Crisis Text Line
Talking on the phone isn’t always the best option, and that’s where the Crisis Text Line can help. By texting ‘TALK’ to 741741, you can have a confidential text conversation with someone. The first priority for the Crisis Text line ‘is helping people move from a hot moment to a cool calm, guiding you to create a plan to stay safe and healthy.’ In fact, this line is used for all types of crises, and more than 100 million text messages have been since in the six years since its inception.
Suicide Prevention Resource Center
The SPRC is the only federally supported resource center specifically about suicide prevention, and they offer information on the best techniques and approaches for suicide prevention. This site is especially helpful in some of the training they offer including online courses and webinars. They’ve also updated their resources to include suicide prevention in the wake of COVID-19, and ways to cope with coronavirus.
The Trevor Project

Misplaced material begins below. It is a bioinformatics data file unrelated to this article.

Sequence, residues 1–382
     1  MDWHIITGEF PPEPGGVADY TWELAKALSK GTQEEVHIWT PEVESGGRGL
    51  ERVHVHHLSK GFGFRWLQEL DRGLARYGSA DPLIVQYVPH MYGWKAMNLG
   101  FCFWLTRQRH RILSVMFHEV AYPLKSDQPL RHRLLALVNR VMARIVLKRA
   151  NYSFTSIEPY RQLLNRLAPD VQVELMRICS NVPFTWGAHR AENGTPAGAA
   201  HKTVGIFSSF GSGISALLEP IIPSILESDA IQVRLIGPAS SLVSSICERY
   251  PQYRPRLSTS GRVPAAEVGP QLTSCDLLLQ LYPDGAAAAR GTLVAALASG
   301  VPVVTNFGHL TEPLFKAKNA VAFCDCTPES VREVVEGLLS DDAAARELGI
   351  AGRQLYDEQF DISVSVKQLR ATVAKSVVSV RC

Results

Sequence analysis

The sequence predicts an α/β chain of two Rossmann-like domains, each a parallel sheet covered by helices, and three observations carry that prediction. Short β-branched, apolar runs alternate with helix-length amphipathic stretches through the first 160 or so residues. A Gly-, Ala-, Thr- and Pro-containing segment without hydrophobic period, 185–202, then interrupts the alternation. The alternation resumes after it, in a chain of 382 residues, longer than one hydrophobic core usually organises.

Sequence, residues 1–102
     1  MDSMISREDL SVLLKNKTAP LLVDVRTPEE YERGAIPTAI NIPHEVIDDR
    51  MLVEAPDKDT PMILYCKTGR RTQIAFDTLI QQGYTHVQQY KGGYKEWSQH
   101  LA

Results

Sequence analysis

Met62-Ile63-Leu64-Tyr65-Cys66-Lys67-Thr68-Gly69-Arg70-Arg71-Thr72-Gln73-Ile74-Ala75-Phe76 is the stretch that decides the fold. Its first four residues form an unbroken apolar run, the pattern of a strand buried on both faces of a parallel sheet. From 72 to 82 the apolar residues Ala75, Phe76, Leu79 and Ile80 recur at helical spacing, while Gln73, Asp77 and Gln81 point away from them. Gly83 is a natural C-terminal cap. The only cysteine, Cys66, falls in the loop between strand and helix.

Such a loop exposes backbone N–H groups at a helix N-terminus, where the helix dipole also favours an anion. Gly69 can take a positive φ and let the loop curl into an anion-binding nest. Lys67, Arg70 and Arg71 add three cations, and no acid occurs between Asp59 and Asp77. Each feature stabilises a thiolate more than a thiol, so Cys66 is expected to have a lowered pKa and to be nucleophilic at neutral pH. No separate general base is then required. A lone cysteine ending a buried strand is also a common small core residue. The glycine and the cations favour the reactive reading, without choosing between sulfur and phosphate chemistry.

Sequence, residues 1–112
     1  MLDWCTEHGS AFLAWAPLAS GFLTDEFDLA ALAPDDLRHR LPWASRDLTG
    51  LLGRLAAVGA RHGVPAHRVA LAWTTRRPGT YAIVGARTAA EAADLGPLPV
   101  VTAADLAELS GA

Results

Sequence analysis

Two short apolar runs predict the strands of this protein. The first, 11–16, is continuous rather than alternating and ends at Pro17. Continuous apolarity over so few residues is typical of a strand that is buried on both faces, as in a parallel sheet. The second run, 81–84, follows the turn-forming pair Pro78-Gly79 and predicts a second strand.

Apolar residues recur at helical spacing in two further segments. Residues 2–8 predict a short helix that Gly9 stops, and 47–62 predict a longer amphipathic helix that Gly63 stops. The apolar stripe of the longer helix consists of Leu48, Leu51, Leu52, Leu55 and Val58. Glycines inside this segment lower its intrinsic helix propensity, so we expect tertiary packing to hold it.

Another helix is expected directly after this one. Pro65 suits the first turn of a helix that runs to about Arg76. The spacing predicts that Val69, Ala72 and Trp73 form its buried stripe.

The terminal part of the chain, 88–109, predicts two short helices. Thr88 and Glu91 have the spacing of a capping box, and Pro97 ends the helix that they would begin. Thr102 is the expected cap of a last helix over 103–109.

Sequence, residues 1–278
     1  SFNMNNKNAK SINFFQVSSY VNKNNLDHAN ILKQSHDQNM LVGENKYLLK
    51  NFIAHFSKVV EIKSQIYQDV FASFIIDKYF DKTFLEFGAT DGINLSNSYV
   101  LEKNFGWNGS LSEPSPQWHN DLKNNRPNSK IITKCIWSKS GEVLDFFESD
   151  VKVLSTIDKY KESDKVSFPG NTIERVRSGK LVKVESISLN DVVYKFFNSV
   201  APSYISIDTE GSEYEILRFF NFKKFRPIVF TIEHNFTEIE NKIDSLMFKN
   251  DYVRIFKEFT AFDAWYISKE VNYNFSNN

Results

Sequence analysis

Founded specifically to focus on suicide prevention for young people in the LGBTQ+ community, the Trevor Project offers several free resources to immediately help those in need including the Trevor Lifeline (1-866-488-7386), Trevor Chat, Trevor Text and Trevor Space (you can reach all of these through their ‘Get Help Now’ page).
Veterans Crisis Line
Like many of the resources offered here, the Veterans Crisis Line offers a confidential hotline, online chat and text support. Another important resource this crisis line provides is that after a call or chat, you can be referred to a Suicide Prevention Coordinator at that person’s local VA medical center.
SAMHSA’s National Helpline
The Substance Abuse and Mental Health Services Administration’s (SAMHSA) national helpline can provide more helpful support not only to people struggling with their mental health but also substance abuse (or both). The helpline makes it a point to note that they take calls in both English and Spanish.
The Trans Lifeline was founded in 2014 as a peer-crisis support hotline, they are a “trans-led organization that connects trans people to the community, support, and resources they need to survive and thrive.” Their peer-support hotline (877-565-8860) is available from 10am-4pm EST in the U.S., and is run both for and by trans people.